Hi, my name is Melody Anne. I had the pleasure of performing with my father Jack "Jive" Schafer for many years until his death in 1984.Jack was a fine trumpeter, arranger, composer and an outstanding showman and entertainer.
I use to love hearing him tell his stories about being a musician, bandleader, performing on the road - the good old days. Jack knew his music and played it everywhere. He told a reporter once, "somebody stuck a horn in my hand when I was 8 years old and its been blow blow blow ever since". Down through the gigs Jack played in theaters for silent movies - "Valentino, Garbo, Rin Tin Tin, it didn't matter" - Vaudeville with George Burns, Jack Benny, Bob Hope - took Big Band Bus trips with Harry James, lounges in Vegas, television on occasion and one-night stands everywhere.
But I must tell you my fondest memories of Jack were when He talked about his friend, the man that changed his life, his main man and mentor, the great Louis Satchmo Armstrong. When Jack first heard Louis Armstrong it literally blew him away. "From that moment on all I wanted to do was play music like him. Through the years we became great pals and when he died I broke down and cried. I rate him the finest human being who ever lived."
When a writer from the San Francisco Magazine Robert Hardin interviewed my father, Jack said Armstrong taught him that jazz was not a technique but a state of mind. It was the spirit that mattered. After all, Armstrong himself told him jazz had begun when blacks" started shoutin' in church."
Jack wrote a song about Louis Armstrong entitled "Pops Had Some Chops"
that can be heard on the CD called "Melody Anne Sings Quiet Whiskey With The Jack "Jive" Schafer Band".
I would like to share with you Jack's story in his words about his friend the one and only Louis Armstrong and I hope you enjoy the music that Jack and I had so much fun performing together.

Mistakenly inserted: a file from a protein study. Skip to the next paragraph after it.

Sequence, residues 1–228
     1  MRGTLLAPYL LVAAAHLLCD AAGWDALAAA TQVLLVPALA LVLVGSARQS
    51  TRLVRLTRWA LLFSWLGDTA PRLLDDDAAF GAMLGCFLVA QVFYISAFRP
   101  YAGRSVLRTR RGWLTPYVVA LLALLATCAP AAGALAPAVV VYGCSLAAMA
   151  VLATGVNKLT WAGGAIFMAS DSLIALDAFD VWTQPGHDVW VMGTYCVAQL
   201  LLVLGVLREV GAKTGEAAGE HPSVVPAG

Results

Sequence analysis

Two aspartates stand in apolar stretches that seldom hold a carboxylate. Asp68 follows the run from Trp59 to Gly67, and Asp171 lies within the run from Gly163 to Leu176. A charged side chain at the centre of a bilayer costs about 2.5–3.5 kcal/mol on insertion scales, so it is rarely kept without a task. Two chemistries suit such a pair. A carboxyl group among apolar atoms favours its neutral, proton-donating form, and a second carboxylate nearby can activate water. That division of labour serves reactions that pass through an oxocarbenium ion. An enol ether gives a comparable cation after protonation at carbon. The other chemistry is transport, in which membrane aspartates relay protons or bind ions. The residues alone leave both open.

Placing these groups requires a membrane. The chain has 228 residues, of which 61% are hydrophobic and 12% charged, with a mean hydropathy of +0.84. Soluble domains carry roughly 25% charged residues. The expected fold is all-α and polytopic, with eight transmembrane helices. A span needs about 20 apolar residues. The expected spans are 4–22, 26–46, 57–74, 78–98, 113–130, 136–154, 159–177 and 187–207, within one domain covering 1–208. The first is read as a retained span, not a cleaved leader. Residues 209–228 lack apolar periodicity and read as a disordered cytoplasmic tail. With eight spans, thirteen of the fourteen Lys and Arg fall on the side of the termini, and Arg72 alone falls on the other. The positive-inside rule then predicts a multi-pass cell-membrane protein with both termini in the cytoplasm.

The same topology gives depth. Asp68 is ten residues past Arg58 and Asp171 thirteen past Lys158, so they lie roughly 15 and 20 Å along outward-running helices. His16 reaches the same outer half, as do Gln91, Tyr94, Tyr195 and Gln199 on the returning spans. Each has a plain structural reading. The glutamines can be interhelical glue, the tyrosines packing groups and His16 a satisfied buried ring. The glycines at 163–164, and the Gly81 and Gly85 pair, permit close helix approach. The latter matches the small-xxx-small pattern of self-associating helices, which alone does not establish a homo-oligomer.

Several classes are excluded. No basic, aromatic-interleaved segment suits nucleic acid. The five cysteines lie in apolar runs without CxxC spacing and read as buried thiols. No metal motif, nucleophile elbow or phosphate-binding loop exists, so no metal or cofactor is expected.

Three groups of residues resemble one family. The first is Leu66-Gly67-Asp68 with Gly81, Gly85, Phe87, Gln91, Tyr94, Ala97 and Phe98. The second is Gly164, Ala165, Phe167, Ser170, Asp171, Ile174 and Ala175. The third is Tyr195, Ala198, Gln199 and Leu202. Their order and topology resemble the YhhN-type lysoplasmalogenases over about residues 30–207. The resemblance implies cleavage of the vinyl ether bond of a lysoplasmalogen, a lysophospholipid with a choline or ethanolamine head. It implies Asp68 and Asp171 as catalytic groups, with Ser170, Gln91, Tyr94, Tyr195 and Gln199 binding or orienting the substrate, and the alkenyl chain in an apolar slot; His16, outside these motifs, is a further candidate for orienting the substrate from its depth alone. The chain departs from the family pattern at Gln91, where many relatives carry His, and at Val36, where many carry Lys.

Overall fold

MY GOOD FRIEND "SATCHMO"
Jack "Jive" Schafer
At the Pier 23 Cafe in San Francisco where we play on weekends, there is a juke box that people play during intermissions. Invariably, people push the buttons for Armstrong records which proves they remember "Satchmo." The only big drag is that while the record is playing, the club gets noisy and no one listens. After digging this scene for several years, I finally decided to talk a little about Louis Armstrong.
I first heard Louis in 1929 at a midnight show at the Royale Theatre in Baltimore. I was 21 and a classical trumpet player working the usual gigs of the time. I had heard Louis on records and liked him, but never expected what I heard and saw that night. He was brand new - the smile, the handkerchief, the gravel voice, and the trumpet with a sound like the Atom Bomb for Peace. That did it. It changed my like and he's been my main man until this day.
He could play the blues and make you cry - sing a pop tune and make you laugh. Pops, the one and only Charles Chaplin of Jazz.
I've heard many musicians criticize his trumpet playing. To me it's like saying Shakespeare's plays were good but his handwriting was a drag. This reminds me of a radio commentator and jazz buff in Washington, D.C. who had a beautiful speaking voice but always talked in circles and was as square as a brick.
Louis was the first player in Dixieland to leave the melody entirely and build higher and higher on the last choruses. Also the first to pick one good note that fit the chord structure of a tune and repeat it with a stompin' beat until the very end, closing with a climatic high note. I have never considered this as sheer commercialism. What is jazz if it isn't exciting?
Pops dug applause and anyone that doesn't shouldn't be a performer.Today many rock n' roll musicians do the same thing - only now they call it soul, but who ever had more soul than Louis?
Whenever I'd go backstage to see Louis, he wouldn't remember me. I'd always have to start all over again and introduce myself. He had so many musicians cutting into him I guess he just couldn't remember them all. One time I said, "Louis, I just copied your three choruses off the record "DINAH" and I can play 'em note for note." He grinned and said, "can you swing?" It wasn't until much later that I really knew what he meant.
In 1939 I joined Harry James. I was thirty-one. Harry was twenty-six and Frank Sinatra was twenty-three. The reason I mention this is because it concerns some vital incidents about Louis. Harry always kept Louis' "Strutting With Some Barbecue" (Decca Records) on top of his record collection in his ddressing room, and used a horn like Louis' with a very similar mouthpiece. We recorded "I'm In The Market For You," and on the playback Harry sounded exactly like Louis. He said, "We'd better do it over again, I love Pops but I gotta do my own thing." I learned a lot from Harry's band; he's an excellent player.